Optimizing Management of Schizophrenia with LAIs - Episode 9
Transcript: John M. Kane, MD: There are 3 different trial designs that study the efficacy of oral vs injectable antipsychotics, in terms of efficacy and relapse.
In a randomized, double-blind, controlled trial participants are randomly assigned to either oral or long-acting injectable [LAI] medicine and have to sign consent forms. These studies are inconsistent. The last meta-analysis did not show a significant advantage for the long-acting injectable medicine.
I would argue those studies change the ecology of care. When someone enters a trial it's a very different situation. Oftentimes, they are getting more attention and they select people who are more likely to be adherent. The other 2 types of trials can be very informative.
In the mirror-image study, patients are switched from an oral medicine to a long-acting injectable medicine, and they are followed for a comparable interval, both before and after. We compare their relapses and hospitalizations in the 2 years before and the 2 years after the switch to an LAI. Looking at those studies and the meta-analyses, we see a very significant advantage for the long-acting injectable drugs.
The third type of study is the naturalistic or cohort study. This study follows a large population of patients, some are taking oral medicine and some are on long-acting injectable medicine. The goal is to determine which group has the lowest rate of hospitalization or relapse. Some of the best studies of that type have come out of Scandinavia, where they have patient registries and studies involving thousands of patients. The evidence is compelling in demonstrating the potential value of long-acting drugs.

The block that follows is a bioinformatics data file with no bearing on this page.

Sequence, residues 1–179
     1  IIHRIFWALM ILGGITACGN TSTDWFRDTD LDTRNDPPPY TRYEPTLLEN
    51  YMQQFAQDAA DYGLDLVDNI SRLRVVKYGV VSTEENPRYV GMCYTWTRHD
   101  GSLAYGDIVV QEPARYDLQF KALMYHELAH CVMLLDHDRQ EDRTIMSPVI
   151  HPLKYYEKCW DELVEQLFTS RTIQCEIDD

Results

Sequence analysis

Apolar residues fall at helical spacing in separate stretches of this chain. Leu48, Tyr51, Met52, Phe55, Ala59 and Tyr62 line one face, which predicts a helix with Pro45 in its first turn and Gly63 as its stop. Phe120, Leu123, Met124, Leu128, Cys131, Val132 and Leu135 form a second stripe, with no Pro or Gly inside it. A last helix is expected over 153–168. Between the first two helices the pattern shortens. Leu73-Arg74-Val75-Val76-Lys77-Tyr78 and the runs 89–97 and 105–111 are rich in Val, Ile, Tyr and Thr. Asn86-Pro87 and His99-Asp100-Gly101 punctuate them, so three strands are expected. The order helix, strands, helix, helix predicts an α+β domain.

One of the most striking studies was in first episode schizophrenia that Jari Tiihonen, [MD, PhD,] published in The American Journal of Psychiatry, where 2500 patients who had been hospitalized for their first episode, within 60 days of leaving the hospital, half of them weren't taking their medicine.
Looking at the difference between oral medication and long-acting injectables, there was a significantly lower rate of hospitalization among the patients taking long-acting injectables. We have significant evidence from many sources that can answer the question about reducing the risk of relapse with long-acting injectable medicines.
We've heard strong arguments for this strategy, and the use of long-acting injectable medicines. Henry, do you want to comment on the American Psychiatric Association guidelines for the treatment of schizophrenia that were published in 2004?
Henry A. Nasrallah, MD: The guidelines are outdated. It's inexcusable for a major organization to wait 16 years to update the guidelines for such a disabling, devastating brain disorder. Also, the 2004 guidelines are nonsensical. They recommend long-acting injectables for patients who have shown evidence of nonadherence. In other words, they've already had 1, 2, or 3 relapses; they've already become disabled. They've already lost massive amounts of brain tissue, and they’ve developed treatment resistance. And now you consider long-acting [medication]?
Transcript Edited for Clarity